When it comes to comparing loans, the stated loan interest rate does not represent everything, and can in fact be deceiving. Aside from loan interest rates, how loan interest is calculated also plays a huge role in your cost of financing.
There are 2 common methods to calculate loan interest in today’s banking system:
This method is mainly used to calculate the interest payable for housing / mortgage / property loans, overdraft (OD) facilities, and credit cards. You only pay interest on the remaining loan balance. A reducing balance interest calculation formula can be represented like this:
Interest Payable per Installment = Interest Rate per Installment * Remaining Loan Amount
The interest rates quoted for such loans are the Effective Interest Rate, which is the same as the interest rates used for Fixed Deposits (FD) and Savings Accounts.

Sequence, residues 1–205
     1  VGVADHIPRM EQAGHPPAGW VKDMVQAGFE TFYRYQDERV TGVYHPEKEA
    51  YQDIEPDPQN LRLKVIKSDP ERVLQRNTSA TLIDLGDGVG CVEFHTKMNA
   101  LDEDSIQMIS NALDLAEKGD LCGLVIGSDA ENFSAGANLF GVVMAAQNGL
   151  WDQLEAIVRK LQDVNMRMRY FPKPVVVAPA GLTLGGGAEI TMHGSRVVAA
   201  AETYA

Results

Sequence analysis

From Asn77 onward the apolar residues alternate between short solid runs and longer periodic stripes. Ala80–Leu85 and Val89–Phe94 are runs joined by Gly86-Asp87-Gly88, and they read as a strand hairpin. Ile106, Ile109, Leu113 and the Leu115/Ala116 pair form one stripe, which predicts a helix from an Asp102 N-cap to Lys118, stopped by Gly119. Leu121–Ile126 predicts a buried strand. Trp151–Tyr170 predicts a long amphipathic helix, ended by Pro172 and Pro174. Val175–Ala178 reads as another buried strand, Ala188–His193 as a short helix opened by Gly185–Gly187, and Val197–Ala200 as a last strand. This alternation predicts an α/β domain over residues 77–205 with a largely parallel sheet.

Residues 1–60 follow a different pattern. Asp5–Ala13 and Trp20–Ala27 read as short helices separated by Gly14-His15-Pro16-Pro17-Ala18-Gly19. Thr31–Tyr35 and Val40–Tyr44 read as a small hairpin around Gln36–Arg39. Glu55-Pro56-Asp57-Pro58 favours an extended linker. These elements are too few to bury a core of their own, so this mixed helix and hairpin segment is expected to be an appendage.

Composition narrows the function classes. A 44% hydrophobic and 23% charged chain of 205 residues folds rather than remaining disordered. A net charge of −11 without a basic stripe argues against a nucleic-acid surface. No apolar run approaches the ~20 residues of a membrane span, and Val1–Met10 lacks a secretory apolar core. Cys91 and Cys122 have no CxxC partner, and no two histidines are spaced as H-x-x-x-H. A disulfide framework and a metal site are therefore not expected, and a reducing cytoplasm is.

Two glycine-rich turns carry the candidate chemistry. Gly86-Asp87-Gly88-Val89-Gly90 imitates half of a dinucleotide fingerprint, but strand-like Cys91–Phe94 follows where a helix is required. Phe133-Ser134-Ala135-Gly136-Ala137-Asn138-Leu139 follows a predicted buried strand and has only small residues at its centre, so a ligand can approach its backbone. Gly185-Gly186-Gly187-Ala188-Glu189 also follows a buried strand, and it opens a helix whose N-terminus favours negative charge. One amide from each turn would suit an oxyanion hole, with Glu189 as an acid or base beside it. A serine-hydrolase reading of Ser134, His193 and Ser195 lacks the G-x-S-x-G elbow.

This method is mainly used to calculate the interest payable for personal loans and car / hire purchase loans. You pay interest on the entire loan balance throughout the duration of the loan. Flat interest rate calculation formula can be represented like this:
Interest Payable per Installment = (Original Loan Amount * No. of Years * Interest Rate p.a. ) / Number of Installments
This is less desirable for the borrower, because even as you pay down the loan, the interest payable does not decrease. If you have difficulty understanding why, consider what would happen if savings accounts used flat interest rate method.
If you put RM1,200 at 10% p.a. in a savings account and withdraw RM100 every month, the bank would still be paying you RM10 in interest every month even though your principal balance would have reduced to only RM100 by Month 12. How cool is that?
As a rule, flat interest rates range from 1.7-1.9x more when converted into the Effective Interest Rate equivalent. That is the true measure of your cost of financing.
When considering a loan product, it is always important to know if it is using the Reducing Balance Method of interest calculation or Flat Interest Rate method. And the best way to compare the true cost of the loan is to convert everything into the Effective Interest Rate equivalent. Make use of this Flat to Effective Interest Rate Converter.